At the Heart of the “New Medicine”
The growing interdisciplinary ties between the fields of medicine and engineering will be especially evident in one of the CSE Building’s major occupants, the Institute for Computational Medicine (ICM). Founded in 2005, the ICM brings together leading Hopkins investigators on a single mission—to employ theoretical and computational technologies to reveal the causes of some of the major diseases afflicting the world today.
The new discipline of computational medicine blends engineering, mathematics, computational sciences, and biomedical research into a dynamic field of exploration. Raimond L. Winslow, director of the ICM, and others have called it “the new medicine.”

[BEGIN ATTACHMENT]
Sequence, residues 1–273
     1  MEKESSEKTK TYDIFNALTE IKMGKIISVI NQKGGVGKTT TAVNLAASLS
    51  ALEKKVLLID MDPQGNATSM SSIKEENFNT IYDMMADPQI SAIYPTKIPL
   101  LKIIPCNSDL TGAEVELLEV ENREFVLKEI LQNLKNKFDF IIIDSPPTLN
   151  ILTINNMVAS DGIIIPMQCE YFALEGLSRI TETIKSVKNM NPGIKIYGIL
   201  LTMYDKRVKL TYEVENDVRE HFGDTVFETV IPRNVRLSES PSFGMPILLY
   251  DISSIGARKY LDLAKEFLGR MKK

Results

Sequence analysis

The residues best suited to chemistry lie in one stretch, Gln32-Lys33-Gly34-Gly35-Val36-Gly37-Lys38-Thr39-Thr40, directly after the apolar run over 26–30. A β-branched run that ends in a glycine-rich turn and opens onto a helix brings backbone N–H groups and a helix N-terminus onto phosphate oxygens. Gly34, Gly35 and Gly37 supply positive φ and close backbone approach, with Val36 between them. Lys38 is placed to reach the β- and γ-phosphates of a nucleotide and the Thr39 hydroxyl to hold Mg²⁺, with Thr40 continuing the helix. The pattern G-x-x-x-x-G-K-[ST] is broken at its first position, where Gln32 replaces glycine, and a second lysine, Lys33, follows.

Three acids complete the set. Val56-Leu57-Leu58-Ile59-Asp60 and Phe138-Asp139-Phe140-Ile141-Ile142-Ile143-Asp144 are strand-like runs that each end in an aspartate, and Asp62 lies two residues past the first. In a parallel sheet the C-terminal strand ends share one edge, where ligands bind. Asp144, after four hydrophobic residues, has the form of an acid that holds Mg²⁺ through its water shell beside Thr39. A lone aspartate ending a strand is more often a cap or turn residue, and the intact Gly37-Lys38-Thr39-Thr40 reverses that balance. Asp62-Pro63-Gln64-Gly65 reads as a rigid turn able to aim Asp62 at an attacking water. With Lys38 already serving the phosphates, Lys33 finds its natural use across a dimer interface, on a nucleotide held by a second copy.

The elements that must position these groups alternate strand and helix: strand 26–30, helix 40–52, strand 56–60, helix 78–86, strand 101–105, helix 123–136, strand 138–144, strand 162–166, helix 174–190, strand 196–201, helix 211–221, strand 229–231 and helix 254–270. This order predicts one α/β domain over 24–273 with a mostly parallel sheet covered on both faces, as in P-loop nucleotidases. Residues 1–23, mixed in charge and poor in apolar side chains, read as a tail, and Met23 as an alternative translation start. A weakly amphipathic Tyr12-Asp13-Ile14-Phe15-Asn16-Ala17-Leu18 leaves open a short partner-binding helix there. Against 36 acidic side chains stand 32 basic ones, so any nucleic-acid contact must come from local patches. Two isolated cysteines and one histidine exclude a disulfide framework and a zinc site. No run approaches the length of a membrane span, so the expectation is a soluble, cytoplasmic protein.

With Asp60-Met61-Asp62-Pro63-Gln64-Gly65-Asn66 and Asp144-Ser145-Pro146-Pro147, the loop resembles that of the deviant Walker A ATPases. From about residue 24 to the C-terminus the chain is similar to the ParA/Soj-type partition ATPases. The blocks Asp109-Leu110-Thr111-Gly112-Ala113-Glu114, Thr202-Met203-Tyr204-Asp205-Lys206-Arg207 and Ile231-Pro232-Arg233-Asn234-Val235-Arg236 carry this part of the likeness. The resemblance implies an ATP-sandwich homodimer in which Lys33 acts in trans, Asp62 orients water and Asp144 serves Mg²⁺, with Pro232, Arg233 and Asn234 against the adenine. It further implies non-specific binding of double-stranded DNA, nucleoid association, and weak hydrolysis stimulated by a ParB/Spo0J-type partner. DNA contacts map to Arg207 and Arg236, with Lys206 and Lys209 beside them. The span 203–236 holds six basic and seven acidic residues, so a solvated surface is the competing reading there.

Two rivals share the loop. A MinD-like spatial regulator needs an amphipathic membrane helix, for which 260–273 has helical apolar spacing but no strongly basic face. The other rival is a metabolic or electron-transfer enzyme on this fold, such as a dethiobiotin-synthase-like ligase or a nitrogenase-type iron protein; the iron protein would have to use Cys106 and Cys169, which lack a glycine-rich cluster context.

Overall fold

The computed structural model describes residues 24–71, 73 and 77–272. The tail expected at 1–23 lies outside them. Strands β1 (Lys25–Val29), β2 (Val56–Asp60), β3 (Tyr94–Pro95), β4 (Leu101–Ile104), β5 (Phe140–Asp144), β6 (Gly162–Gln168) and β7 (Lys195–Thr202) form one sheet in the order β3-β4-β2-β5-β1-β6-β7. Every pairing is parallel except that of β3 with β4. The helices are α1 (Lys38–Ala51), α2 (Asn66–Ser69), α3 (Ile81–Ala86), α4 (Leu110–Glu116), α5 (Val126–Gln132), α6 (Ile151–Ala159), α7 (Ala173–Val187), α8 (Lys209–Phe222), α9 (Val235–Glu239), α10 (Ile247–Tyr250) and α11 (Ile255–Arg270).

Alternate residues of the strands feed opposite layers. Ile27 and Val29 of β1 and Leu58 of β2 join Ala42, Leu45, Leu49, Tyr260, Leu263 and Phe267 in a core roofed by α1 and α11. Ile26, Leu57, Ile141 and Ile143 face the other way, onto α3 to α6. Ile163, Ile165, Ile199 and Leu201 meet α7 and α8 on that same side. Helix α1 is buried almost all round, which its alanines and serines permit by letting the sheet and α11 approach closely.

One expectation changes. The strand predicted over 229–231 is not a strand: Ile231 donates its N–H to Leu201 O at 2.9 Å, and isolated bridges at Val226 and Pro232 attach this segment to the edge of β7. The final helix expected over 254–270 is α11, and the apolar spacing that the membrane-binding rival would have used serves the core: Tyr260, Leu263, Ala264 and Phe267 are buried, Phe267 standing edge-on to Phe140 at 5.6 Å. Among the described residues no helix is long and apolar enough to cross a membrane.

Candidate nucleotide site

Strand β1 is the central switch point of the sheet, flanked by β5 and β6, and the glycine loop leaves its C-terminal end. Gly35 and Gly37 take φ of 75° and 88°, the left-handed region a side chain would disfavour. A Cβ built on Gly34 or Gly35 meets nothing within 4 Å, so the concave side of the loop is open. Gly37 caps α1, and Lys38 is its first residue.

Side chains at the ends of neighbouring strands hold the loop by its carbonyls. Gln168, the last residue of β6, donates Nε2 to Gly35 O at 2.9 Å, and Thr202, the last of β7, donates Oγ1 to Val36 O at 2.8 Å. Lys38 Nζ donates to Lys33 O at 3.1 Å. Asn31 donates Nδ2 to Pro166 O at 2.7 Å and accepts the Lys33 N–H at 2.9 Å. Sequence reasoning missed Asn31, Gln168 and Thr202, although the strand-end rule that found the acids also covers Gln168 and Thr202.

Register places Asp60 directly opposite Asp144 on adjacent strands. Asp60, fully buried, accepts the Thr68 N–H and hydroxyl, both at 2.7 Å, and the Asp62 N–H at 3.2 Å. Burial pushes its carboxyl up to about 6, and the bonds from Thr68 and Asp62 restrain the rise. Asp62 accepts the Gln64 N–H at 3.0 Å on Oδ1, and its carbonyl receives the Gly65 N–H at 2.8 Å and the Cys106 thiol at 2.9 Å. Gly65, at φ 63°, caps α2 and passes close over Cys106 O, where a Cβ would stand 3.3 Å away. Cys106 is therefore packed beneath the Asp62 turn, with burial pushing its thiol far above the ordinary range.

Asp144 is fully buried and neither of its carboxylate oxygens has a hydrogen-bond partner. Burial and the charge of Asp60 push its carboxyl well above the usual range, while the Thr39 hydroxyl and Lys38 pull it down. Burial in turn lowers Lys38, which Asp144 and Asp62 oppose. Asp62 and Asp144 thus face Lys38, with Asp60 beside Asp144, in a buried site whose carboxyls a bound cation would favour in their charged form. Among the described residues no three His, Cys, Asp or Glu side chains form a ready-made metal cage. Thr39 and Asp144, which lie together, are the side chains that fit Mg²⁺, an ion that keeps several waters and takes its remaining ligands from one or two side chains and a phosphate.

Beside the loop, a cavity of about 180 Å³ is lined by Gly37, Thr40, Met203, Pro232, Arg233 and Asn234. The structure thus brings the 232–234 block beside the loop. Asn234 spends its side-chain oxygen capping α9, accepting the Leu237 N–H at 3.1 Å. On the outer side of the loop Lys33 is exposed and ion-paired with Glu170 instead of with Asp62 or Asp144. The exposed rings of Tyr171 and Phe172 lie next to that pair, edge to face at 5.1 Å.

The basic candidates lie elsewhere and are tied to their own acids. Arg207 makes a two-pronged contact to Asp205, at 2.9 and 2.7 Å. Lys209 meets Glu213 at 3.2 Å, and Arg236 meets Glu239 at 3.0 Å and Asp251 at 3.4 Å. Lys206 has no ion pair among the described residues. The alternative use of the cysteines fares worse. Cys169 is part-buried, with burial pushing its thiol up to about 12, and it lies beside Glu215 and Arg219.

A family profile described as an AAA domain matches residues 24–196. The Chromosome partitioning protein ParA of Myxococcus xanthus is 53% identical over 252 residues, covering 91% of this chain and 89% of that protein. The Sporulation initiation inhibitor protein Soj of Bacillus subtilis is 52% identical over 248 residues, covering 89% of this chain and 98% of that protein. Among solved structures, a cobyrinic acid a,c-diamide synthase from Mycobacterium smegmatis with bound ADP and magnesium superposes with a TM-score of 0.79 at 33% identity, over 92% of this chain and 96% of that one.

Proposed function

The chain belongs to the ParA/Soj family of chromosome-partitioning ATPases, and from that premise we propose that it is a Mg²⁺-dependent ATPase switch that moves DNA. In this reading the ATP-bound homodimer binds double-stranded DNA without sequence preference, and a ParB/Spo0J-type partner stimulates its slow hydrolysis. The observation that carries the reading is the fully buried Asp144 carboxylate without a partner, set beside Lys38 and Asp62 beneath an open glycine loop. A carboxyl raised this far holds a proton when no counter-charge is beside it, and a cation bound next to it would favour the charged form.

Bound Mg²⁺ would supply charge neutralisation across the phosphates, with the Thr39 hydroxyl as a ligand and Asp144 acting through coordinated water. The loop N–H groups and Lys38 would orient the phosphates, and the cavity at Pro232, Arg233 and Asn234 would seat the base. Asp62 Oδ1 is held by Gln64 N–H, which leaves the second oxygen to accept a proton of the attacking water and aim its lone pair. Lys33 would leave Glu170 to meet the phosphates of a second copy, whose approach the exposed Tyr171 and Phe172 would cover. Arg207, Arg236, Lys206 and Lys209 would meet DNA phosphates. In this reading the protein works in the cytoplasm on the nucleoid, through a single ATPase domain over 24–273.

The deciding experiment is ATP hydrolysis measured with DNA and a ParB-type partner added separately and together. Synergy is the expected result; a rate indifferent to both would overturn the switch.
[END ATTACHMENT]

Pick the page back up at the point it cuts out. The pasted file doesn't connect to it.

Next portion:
In less than a year, the ICM already has created significant collaborative partnerships with the School of Medicine, focused on achieving a better understanding of the origins and treatment of diseases such as heart failure and cancer. Much of this interdisciplinary methodology involves computational theory and analysis in crunching and organizing huge amounts of data related to the human body’s submolecular structures and processes.
Through the development of advanced approaches and techniques for managing and modeling biomedical data, ICM researchers hope to provide a new and accelerated path for confronting major human ailments. They seek to understand their causes, provide earlier diagnoses, and ultimately discover new approaches for disease treatment.